- Paperback: 256 pages
- Publisher: MOREHOUSE PUBLISHING; large type edition edition (May 1, 2015)
- Language: English
- ISBN-10: 0819229954
- ISBN-13: 978-0819229953
- Product Dimensions: 6 x 0.6 x 9 inches
- Shipping Weight: 11.2 ounces (View shipping rates and policies)
- Average Customer Review: 24 customer reviews
- Amazon Best Sellers Rank: #845,271 in Books (See Top 100 in Books)
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The Digital Cathedral: Networked Ministry in a Wireless World Paperback – May 1, 2015
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From the Back Cover
"Here's what we know: the digital revolution has radically changed the way we make meaning, craft our identity, and communicate with each other in today's world. We also know that most of us congregational leaders have done little to embrace this new world of digital connectivity beyond creating a website and Facebook page. One more thing we know: we have in Keith Anderson a remarkably capable and creative guide into this new world. In The Digital Cathedral, Keith has provided not simply tips on using social media or the internet for ministry, but rather offers us the means by which to participate in the virtual Body of Christ, extending the care and compassion of the Gospel to, quite literally, the ends of the earth via digital means." - The Rev. Dr. David J. Lose, President, The Lutheran Theological Seminary at Philadelphia
About the Author
Keith Anderson serves as pastor at Upper Dublin Lutheran Church near Philadelphia. He is the author of The Digital Cathedral: Networked Ministry in a Wireless World (Morehouse, 2015) and is co-author with Elizabeth Drescher of Click2Save: The Digital Ministry Bible (Morehouse 2012). Keith is co-editor with Elizabeth Drescher of The Narthex, an online magazine about the changing contours of American Christianity and serves on the editorial committee for the ON Scripture. A popular blogger on religion, new media, and popular culture, his work has appeared on The Huffington Post, Religion Dispatches, Day 1, and The New Media Project.
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The book is excellent - easy to understand and apply. Keith's research is first class and his suggestions for 21st century ministry are extremely valuable, especially for pastors like myself who are trying to figure out what will work with Millennials and post-modern people.
The book would make an excellent study for pastors and their leadership board or elder session. Keith obviously has a pastor's heart for people, as well as a keen understanding of the effective use of technology as a mission tool. I would heartily recommend this book for any pastor who is wrestling with today's culture and seeking relevant ministries for the church that she or he serves.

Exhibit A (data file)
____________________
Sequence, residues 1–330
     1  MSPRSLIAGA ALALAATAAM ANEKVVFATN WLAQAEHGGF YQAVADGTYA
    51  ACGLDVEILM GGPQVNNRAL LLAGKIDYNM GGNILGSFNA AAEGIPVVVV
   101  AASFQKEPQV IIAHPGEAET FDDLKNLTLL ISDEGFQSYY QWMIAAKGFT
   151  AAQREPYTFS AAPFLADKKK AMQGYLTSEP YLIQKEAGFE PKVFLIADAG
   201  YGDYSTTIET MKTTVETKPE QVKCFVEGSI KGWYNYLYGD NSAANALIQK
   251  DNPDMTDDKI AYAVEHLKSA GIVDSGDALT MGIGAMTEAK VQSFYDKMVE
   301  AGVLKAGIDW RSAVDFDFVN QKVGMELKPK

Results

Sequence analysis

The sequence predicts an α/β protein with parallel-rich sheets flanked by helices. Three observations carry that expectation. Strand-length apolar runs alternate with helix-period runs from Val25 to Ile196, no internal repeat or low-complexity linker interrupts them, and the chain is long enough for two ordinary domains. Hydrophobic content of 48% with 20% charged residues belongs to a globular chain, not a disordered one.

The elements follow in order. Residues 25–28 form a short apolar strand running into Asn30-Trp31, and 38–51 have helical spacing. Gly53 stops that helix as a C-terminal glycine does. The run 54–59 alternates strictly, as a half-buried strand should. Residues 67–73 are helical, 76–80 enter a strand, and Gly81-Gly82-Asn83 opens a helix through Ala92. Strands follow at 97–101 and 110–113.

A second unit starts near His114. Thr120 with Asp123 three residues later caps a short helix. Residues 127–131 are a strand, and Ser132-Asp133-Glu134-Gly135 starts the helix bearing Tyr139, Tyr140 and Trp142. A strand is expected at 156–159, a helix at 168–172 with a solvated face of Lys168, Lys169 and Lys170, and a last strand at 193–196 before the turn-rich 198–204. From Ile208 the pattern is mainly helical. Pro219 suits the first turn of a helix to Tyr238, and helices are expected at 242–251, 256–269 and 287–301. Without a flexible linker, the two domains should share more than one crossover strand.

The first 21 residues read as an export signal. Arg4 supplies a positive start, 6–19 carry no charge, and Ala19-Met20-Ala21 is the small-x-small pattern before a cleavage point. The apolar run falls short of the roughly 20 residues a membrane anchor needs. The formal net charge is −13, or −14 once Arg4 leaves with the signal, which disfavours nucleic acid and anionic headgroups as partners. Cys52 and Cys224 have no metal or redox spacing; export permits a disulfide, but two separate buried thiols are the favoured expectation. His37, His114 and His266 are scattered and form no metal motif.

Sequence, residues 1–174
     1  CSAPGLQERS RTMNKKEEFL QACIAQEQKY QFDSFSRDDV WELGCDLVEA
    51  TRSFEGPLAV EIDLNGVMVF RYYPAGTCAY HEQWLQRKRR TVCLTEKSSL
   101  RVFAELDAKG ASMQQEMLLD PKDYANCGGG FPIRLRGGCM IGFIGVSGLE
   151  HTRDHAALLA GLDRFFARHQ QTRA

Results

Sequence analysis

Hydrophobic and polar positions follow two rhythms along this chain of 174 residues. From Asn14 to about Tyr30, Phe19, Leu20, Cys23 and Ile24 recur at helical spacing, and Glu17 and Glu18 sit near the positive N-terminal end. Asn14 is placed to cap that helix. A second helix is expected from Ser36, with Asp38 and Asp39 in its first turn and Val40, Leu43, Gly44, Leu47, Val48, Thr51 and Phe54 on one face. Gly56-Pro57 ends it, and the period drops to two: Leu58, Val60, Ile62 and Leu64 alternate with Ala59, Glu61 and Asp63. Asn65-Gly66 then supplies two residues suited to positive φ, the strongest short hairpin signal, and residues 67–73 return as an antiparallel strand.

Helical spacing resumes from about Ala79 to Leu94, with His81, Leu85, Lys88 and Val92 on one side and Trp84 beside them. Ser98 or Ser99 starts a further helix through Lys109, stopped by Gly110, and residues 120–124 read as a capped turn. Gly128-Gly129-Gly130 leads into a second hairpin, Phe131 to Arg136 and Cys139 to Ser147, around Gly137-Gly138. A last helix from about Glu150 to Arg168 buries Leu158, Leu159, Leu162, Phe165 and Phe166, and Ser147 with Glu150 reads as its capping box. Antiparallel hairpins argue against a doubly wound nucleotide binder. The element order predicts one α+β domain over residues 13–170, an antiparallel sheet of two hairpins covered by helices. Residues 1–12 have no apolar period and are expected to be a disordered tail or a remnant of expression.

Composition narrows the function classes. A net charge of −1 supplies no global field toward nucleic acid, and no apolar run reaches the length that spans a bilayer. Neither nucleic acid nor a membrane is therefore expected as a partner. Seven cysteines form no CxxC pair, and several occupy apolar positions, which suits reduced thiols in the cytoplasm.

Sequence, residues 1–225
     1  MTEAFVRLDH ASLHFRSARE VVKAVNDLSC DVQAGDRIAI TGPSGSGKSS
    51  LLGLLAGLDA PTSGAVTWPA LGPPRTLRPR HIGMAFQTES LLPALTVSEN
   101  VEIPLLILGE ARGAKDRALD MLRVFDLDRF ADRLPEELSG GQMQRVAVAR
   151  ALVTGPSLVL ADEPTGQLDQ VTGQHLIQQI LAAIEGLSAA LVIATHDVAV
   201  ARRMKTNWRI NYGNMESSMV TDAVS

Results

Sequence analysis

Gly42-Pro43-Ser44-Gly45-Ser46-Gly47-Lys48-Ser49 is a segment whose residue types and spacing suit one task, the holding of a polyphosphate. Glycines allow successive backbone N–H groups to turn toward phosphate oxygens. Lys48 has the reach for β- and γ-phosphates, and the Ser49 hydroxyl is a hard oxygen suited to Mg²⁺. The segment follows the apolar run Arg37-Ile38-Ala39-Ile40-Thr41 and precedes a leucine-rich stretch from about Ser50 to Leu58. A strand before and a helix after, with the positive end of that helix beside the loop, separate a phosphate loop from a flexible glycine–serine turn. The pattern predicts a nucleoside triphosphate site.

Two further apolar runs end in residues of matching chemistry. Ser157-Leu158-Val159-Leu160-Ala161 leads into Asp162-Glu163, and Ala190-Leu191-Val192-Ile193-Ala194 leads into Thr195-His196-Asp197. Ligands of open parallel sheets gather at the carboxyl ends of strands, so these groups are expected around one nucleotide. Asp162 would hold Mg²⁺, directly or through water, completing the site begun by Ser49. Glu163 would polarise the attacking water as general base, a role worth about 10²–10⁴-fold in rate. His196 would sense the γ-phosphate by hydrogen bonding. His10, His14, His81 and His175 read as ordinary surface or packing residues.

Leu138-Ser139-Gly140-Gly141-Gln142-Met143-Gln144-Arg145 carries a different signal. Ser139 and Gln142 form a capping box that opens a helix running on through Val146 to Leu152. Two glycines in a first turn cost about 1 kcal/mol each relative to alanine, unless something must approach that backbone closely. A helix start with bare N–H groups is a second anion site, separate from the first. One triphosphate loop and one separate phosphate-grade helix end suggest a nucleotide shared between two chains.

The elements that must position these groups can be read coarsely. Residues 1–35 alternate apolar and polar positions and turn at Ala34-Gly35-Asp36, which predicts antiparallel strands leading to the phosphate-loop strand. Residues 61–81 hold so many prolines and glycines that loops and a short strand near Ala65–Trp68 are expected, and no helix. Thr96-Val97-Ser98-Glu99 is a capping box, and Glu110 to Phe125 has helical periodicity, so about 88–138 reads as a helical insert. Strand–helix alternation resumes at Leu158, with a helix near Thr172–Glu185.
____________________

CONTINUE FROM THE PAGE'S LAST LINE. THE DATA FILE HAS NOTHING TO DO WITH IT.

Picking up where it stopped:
I’ve was excited when I first heard of The Digital Cathedral before it was published. I have been challenged, convicted and called to see my neighborhood as my Cathedral from which to explore and learn about variety of people who enter and experience our neighborhood as a place to connect with others in varied settings. Keith asks us to open the doors of our churches out into our community in digital and local “third places”
These gatherings are places where people can “connect, convene and converse” with the people of our neighborhoods.
In this book we are given the opportunity to discover “third places” in our neighborhoods where people already gather to explore the questions that make meaning in their lives. There was a tragic event in our town,that I asked people on my Facebook page to add to their prayer requests. One of our young local activist said that wasn’t enough, could I offer a prayer that that folks online could recite. He felt that we needed more than just a request to pray, but words that spoke to the moment. Out of that moment arose my taking Keith’s suggestion to ask “Whom shall we pray?” That has generated prayers, conversations and connections with folks who have never met in person, but share this common call to prayer. It is from those two examples I’ve seen people who most likely would never cross the steps of our worship space partake in this digital gathering to pray for people in digital and local communities. We gather weekly at a local Tully’s for coffee, conversation to ground us in the scripture for the week. The Digital Cathedral invites all of us to be a incarnational, relational and network presence right where we are.
I especially appreciated the multiple examples of vibrant, "out of the box" ministry that is reaching people where they are. Rather than simply offer a completely "new" lens - Anderson also effectively links the history of change in the church of the past to now. "Digital" is an important view - but so is the "cathedral" of the past in its community role and use.
As someone involved in how the church considers restructuring and relevance I found this book a helpful guide and reminder of what we may be called to be. I highly recommend this to those readers considering what relevant church might look like in the future.